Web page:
Pittsburgh DUI – How Many Drinks to Reach .19% Blood Alcohol Level


According to news reports in Pittsburgh, a rookie Pittsburgh Steeler’s player was charged with many criminal offense

s, including felony counts of Fleeing and Eluding, Aggravated Assault while DUI, and Aggravated Assault, as well as misdemeanor charges of DUI and Resisting Arrest.  It is alleged that the player refused to stop his vehicle despite orders from the police to do so, and the player almost struck a few of the officers in his attempt to flee.  Ultimately, the player was arrested, and his blood alcohol concentration was found to be over .19%.

Body Mass Impacts Blood Alcohol Concentration

While I could blog about how this athlete has possibly thrown away his professional future or the possible penalties that he is facing from the Aggravated Assault while DUI and DUI charges, I thought it was more interesting to try and figure out how much a person must drink to reach a .19%.

A person’s body mass is a critical factor in determining blood alcohol levels.  For example, according to an estimated blood alcohol chart, a male that weighs 120 pounds and has 5 drinks in an hour has an estimated blood alcohol concentration (BAC) of .16%, or twice the Pennsylvania DUI limit.  However, a 240 pound male that consumes 5 drinks in an hour has an estimated BAC of .08%, half of the BAC for a 120 pound man, and at threshold level for Pennsylvania DUI charge.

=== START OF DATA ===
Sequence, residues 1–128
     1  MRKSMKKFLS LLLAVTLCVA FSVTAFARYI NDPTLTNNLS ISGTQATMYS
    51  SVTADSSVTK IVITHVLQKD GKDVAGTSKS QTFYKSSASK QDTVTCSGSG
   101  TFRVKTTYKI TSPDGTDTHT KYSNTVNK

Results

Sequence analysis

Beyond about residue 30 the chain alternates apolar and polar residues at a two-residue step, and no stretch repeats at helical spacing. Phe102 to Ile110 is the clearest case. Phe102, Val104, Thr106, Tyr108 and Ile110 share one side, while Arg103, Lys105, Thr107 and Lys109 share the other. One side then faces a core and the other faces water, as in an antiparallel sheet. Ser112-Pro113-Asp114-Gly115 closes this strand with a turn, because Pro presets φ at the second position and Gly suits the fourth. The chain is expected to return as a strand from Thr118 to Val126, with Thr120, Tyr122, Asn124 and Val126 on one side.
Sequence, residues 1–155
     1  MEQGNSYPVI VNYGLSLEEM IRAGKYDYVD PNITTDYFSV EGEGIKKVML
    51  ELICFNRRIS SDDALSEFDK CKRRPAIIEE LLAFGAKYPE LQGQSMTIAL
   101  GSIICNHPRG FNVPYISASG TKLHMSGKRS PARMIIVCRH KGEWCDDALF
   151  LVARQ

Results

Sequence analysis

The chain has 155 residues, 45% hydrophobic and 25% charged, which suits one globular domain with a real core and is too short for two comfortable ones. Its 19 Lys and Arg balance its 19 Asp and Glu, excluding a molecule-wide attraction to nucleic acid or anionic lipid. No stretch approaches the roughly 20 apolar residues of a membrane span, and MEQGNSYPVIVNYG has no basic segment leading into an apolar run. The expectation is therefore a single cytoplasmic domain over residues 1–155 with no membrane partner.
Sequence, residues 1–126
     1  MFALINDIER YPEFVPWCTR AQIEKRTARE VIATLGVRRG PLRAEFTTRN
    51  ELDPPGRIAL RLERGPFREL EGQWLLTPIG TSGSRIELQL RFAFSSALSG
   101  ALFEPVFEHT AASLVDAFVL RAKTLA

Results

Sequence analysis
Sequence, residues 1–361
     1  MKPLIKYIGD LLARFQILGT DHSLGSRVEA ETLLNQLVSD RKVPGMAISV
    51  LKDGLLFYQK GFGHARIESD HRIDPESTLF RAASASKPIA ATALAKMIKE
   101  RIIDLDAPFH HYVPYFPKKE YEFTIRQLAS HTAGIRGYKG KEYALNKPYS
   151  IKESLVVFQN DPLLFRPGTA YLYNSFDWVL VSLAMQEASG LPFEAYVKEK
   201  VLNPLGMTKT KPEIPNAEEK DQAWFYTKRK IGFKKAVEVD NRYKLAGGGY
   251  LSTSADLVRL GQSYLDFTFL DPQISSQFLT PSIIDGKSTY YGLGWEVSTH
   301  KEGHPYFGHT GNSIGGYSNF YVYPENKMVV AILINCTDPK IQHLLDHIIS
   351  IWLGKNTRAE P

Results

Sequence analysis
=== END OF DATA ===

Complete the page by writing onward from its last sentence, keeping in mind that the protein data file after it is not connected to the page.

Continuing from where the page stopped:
The BAC chart does not list estimated levels for a male that is over 240 pounds.  A 240 pound man that consumed 10 drinks in an hour has an estimated BAC of .16%.  The Steeler rookie is listed as being 6 foot 3 inches tall and weighed approximately 350 pounds.  My question is how many drinks did he have to consume to reach a .19%?

As a follow up to that question, when I was a student at Penn State, I remember a young girl, possibly underage, that had a BAC of over .60% and lived to talked about it.  I wonder who had to consume more alcohol, the large, muscular football player at 350 pounds, or a young, average sized women that had a BAC of over .60%.